How will we remember him, do you suppose? If you’re a committed football fan, possibly for that exquisite chip from the halfway line which left Wimbledon’s Neil Sullivan clutching at cold, empty air. A lovely goal, executed when he was only 21 years old, and which seemed to presage so much.
As a stalwart of a Manchester United side that was as successful as any British club has been? Or, if you’re only an occasional football fan, for those moments when he was in an England shirt and either clutching victory from defeat (a free kick against Greece) or defeat from victory (a petulant kick at the calf of some cunning Argentinian, which saw him sent off).
Or perhaps you do not like football at all and will just remember the horrid, garish, tattooed celebritydom — the chav bling, the preening self-regard and the sullen, talentless wife. It is an interesting question because it always occurred to me that David Beckham was good at only one thing in football: kicking the ball. He kicked the ball very well indeed. But he could do little else. As a winger, he had no pace or guile to beat his man. He was hopeless and sometimes cowardly (against Brazil, for example) in the tackle. He did not score many goals, nor were his assists fecund.
When George Best — a real world talent — was asked to appraise Beckham’s abilities, he was, for once, genuinely mystified. Beckham was not a tenth of the player that Best was, except from the dead ball. But I always argued that he possessed what Best palpably did not, which was humility and commitment to a cause. He seemed to be talismanic, and his somewhat naive, even bovine, intensity seemed sincere. And yet now all this is in doubt, too.
He has been revealed as a grasping and bitter toady, via emails hacked — possibly by the Russians, who are dead good at that sort of thing — between Beckham and his PR monkey. Infuriated, for a start, that he had not been awarded a knighthood for his ‘services’ to charidee. The inference we take being that his charitable work was for one cause only — honours, one after the other, the OBE not nearly enough. And we infer this not only because he baulked at giving Unicef his own cash, which we all might do, but because he railed against the honours committee for not knighting him. And also because he charged first-class air fares for his charitable appearances and scheduled them to ensure he would not have to pay UK rates of income tax on his astonishing £124 million wealth. And because he was spiteful about another recipient of meaningless British government baubles, the Welsh singer Katherine Jenkins.
What has she done, Beckham complained? What has she ever done? Well, sure, not much — granted. Beckham also fumed that if he’d been an American he’d have got his knighthood years ago — a quote which encapsulates both his sense of entitlement and his stunning ignorance. Although, on the latter point, not quite so well as a comment he made when his first child was born: ‘I definitely want Brooklyn to be christened, but I don’t know into what religion yet.’ Yay.
Now the Beckhams are engaged in an entertaining troubleshooting exercise, the ludicrous injunction brought to stop us knowing about his pungent and chippy views having miraculously failed. The name, and its worth, must be protected. And so his PR monkey puts out a statement that Beckham was simply cross at not being given a knighthood, as any ‘normal person’ would be. I’d sack that guy right now, David, if I were you, because I’m not convinced that intercession helped very much.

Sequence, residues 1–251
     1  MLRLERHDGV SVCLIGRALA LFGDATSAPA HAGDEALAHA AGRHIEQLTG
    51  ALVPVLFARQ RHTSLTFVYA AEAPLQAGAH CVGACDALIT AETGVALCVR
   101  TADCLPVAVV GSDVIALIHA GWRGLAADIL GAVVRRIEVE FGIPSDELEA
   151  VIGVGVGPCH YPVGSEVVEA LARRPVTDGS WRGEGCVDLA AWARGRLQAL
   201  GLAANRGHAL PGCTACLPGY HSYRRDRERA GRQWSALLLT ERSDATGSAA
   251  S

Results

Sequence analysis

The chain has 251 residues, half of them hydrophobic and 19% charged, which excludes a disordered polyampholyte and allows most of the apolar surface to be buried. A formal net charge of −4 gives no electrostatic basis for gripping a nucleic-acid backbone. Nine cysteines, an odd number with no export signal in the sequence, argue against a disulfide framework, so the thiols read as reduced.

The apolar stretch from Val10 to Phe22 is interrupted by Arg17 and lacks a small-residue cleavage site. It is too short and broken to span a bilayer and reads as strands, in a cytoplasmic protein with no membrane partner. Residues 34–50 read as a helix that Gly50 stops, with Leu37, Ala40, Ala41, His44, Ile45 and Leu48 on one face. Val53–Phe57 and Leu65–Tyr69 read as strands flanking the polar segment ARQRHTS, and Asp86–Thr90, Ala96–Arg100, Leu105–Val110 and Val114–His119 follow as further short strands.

What all this stuff does, though, is show up the honours system for what it is — a ghastly fraud. When these fatuous titles are not directly bought by extremely rich people donating vast sums of wonga to a political party, then they can be acquired by any sleb who can be persuaded to travel first-class to Mali and be filmed watching an aged peasant carrying a bucket of water on her head, back from the dusty well to her two goats and her mud hut. Given the number of pig-ignorant slebs who have been bunged baubles for doing just this, and no more, it is little wonder that Beckham feels short-changed. After all, his good looks and his fame were probably very useful in securing for Britain the 2012 Olympic Games, which apparently we all desperately wanted, and to which he devoted his time.
It is hardly his fault, either, that he has a warped sense of what ‘achievement’ means, still more selflessness. A moderately good international footballer is no worse in my book than a moderately successful singer or a time-serving civil servant. They are fine, surely. But do they deserve further recognition of their worth, on top of the immense wealth or index-linked pension? In general I would leave all of these groups out of the honours system and concentrate on brilliant minds and genuine selflessness.
But then, I suppose, the money Beckham earned instilled in his limited mind a sense of separateness from the rest of us. He was one of the first footballers to really coin it, just as the TV deals and the consequent weekly wages passed what we might call obscene levels and reached the truly surreal.
I remember watching as good a player as Beckham when I was a kid. A bloke called Jackie Sinclair who played for, among others, Newcastle United and Scotland. Hugely talented, he helped Newcastle win the only meaningful trophy they have secured in 60 years. When Jackie retired, he went back down the pit, in Fife. No knighthood.
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